At Southwest Oral Surgery in Glendale, we get questions every day about dental insurance. We know that insurance can often be confusing – it may even seem to be deliberately designed that way!
We also know that informed patients take better charge of their health and have an easier time making decisions, so we’d like to take a few minutes to discuss some of the ins and outs of dental insurance and, hopefully, answer some of your most common questions.
Do you currently have medical benefits through your employer? It may be worth inquiring with your HR department to find out if dental coverage is included and what the coverage includes. With healthcare and dental costs rising so quickly, many employers are looking for ways to shrink their costs, and limiting or eliminating dental coverage is often one of the first protections to be cut.
Also, ask if your company offers a dental spending account. Similar to a medical FSA, this is a special type of account that grows through pre-tax paycheck deposits throughout the year and can be used to help cover patient portions of deductible costs or other unexpected dental expenses. There are monetary limits on these accounts for annual contributions, and it is important to note that any money not spent by the end of the year is then forfeited. If you are planning on using one of these accounts, it is best to look ahead and consider your upcoming procedural needs.
If you are self-employed or are otherwise ineligible for employer benefits, you can shop around for dental insurance plans with your current medical insurer. It’s important to note that dental coverage is not required for adults under the Affordable Care Act (although it is required for children). According to the health insurance marketplace website www.healthcare.gov, you can purchase dental insurance as part of a health plan through the Marketplace or choose a stand-alone dental plan.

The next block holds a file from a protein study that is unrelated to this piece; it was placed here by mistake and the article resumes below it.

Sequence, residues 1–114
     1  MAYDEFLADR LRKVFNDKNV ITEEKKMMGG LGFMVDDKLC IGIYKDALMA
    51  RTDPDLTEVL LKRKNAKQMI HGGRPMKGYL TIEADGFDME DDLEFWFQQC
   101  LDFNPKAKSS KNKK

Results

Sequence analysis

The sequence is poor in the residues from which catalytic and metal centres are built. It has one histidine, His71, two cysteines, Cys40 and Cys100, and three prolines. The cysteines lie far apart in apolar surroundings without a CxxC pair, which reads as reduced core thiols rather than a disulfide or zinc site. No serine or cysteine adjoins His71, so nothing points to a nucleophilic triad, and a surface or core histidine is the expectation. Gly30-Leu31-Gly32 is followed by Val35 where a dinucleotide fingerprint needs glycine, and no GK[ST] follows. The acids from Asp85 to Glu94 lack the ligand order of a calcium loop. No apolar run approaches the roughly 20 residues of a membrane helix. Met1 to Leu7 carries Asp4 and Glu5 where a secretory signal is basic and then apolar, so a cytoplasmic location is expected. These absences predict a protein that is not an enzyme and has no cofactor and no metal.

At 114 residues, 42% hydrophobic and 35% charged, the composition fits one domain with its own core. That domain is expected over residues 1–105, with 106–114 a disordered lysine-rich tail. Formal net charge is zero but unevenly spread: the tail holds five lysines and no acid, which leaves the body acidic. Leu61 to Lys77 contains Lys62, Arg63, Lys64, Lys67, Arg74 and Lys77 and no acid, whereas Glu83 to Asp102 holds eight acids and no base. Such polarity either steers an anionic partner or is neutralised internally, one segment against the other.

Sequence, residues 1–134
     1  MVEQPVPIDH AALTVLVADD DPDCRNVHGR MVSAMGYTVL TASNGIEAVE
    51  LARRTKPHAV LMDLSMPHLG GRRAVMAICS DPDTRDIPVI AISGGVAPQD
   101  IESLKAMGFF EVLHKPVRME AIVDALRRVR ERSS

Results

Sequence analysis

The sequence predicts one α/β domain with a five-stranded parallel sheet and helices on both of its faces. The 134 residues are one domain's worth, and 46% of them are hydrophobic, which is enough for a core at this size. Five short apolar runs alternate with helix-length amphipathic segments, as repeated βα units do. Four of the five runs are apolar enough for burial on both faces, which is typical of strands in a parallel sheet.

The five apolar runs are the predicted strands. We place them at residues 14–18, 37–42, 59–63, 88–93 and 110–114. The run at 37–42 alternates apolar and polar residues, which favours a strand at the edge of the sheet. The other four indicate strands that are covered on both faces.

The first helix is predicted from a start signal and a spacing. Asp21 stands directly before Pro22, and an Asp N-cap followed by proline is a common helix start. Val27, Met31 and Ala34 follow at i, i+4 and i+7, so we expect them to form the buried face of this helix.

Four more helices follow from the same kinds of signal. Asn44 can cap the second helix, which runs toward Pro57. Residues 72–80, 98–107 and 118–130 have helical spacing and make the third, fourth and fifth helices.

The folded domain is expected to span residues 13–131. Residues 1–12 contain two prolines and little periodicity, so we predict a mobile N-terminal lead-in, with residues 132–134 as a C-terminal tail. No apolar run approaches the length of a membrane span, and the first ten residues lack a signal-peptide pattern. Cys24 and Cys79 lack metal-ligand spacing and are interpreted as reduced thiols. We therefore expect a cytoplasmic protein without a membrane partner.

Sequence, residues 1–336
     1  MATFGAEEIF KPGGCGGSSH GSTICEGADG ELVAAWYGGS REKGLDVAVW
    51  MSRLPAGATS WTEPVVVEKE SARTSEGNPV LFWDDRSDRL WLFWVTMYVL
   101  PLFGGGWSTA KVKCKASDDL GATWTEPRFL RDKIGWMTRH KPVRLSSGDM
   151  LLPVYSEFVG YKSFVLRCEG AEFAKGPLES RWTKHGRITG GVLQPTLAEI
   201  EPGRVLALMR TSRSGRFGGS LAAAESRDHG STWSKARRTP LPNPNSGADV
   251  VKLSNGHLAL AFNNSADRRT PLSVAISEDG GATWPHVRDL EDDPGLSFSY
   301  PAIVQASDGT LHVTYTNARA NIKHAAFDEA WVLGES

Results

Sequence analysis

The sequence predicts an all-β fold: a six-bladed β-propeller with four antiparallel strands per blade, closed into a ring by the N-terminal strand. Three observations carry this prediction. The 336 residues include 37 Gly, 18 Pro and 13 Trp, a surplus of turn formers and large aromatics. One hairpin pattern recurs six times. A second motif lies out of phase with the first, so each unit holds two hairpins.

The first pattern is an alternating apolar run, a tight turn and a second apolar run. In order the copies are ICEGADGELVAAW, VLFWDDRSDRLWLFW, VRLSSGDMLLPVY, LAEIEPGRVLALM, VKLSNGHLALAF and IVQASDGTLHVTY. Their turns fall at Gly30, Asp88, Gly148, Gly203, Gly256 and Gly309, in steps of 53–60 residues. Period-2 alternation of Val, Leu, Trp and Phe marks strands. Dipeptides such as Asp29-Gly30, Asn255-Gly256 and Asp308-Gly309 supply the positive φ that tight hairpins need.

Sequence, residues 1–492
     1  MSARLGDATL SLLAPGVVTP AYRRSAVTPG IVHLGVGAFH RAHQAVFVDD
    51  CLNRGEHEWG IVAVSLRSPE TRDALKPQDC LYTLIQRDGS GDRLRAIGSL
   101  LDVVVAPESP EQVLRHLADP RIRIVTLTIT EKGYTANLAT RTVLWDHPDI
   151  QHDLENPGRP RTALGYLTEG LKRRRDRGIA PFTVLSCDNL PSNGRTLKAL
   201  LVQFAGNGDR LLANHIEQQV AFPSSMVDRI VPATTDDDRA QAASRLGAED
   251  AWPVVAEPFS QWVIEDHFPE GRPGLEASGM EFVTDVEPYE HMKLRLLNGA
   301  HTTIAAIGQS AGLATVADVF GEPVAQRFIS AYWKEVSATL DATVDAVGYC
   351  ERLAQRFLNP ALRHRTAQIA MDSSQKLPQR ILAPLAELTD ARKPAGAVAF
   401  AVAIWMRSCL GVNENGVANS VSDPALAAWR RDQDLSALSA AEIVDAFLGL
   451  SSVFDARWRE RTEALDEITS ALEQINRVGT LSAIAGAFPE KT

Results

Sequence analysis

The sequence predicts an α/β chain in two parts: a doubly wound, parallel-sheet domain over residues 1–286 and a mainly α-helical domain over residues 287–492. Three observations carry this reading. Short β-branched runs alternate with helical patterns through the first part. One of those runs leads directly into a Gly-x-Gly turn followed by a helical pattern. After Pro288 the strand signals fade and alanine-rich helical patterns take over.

There are many different kinds of dental insurance coverage, which can lead to confusion and frustration for the consumer. The best way to minimize those problems is to educate yourself as a consumer about your particular plan. Are you looking for provider options? Or is cost the more important factor for your needs?
Two of the most common plans include the PPO, or Preferred Provider Organization, and the HMO, or Health Maintenance Organization. They differ in a few important ways, so it is best to read your policy offer carefully to make sure it will fit your needs.
PPO– A PPO is typically comprised of network providers that offer services at a discounted rate to patients on the plan. It is possible to choose a provider outside of the network, but be aware this can change your responsibility for the patient portion of the copay.
HMO– With an HMO, patients are usually required to only use providers from within the network. All financial responsibility for care from providers outside the approved network is the sole responsibility of the patient.
Whichever plan you end up choosing, make sure to carefully review any copay requirements, deductible limits, and plan coverage caps (both annual and lifetime) to make sure the plan adequately meets your needs. It is common for there to be a limit to the number of extractions, x-rays, cleanings, or crowns annually; likewise, there are often lifetime orthodontic or oral implant coverage limitations.
In addition, it is important to make note of any waiting periods required between the time of plan purchase and the procedure needed. This means that it may not be possible to purchase insurance and then immediately seek care.
You know best what your needs are, so ask questions to make sure you feel comfortable with your coverage and your share of the financial responsibility.
If you don’t have dental insurance, we can still help you. Call Southwest Oral Surgery at (623) 792-5794 to discuss your financial options. We work with many insurance plans, and we also accept major credit cards and Care Credit, a popular financing option.